How can I increase ssh security? Can I require both a key and password?
The login with password and key is the same as "just with key". During the key creation, you are asked to enter passphrase. If you leave it blank, you won't be asked for a password. If you fill some passphrase, you'll be asked for it everytime when you want to login.
If you are concerned about security, consider some of these advices mentioned trillion times in this forum:
- Disable ssh login for root
- Allow ssh access only from defined ip addresses (iptables, hosts.allow,... )
- Move ssh port to another port (more obscurity then security, but it works)
- Monitor foreign login attempts and react accordingly
- Keep your system up-to-date
Update: Please refer to the answer here for how to require both a public key and local system password with an OpenSSH server.
One idea I found interesting is port knocking - basically, in order to establish the ssh connection, you first have to probe on a sequence of other ports, before the ssh server will acknowledge a connect request. If the correct sequence of ports is not used, there is no response, so it effectively looks like there is no ssh server running. The sequence of ports is customizable and can be shared with your intended users; everyone else would effectively be unable to connect.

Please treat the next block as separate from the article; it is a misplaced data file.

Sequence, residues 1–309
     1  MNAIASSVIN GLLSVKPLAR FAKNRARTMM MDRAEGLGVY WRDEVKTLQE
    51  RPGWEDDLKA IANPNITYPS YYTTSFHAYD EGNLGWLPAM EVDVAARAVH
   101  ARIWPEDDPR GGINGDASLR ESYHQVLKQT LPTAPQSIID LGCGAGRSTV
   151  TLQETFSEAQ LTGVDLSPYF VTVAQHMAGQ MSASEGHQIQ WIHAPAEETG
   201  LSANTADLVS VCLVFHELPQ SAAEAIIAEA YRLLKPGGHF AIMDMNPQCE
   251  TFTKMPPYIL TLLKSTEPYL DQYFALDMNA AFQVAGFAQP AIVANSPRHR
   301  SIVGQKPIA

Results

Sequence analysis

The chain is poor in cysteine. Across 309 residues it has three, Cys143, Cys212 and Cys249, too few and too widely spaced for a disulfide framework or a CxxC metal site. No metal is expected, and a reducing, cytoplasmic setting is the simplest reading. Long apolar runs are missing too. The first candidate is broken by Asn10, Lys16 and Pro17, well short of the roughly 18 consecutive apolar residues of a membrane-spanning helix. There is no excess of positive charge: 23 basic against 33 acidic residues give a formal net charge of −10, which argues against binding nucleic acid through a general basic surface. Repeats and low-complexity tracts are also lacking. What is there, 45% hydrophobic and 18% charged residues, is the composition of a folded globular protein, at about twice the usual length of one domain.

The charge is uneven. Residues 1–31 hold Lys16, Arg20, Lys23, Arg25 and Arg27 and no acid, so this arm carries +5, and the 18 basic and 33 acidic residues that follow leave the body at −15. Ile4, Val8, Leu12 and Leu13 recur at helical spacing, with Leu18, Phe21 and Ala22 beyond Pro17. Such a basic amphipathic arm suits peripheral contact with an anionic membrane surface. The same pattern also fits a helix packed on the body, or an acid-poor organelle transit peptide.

I haven't tried this myself, but from what I've heard (which isn't much, actually) the overhead is negligible and it lowers your visibility profile tremendously.
Patches related to enabling directly in SSH and lots of relevant discussion:
This can also be done without modification by having a password verification script combined with the use of the
ForceCommand configuration option.
Finally, though no module exists for it, if you moved the public key authentication to PAM then you would be able to require both steps to pass before PAM considered authentication successful.
RequiredAuthentications publickey, password
sshd_config if you are using sshd from ssh.com. This feature is not available in OpenSSH.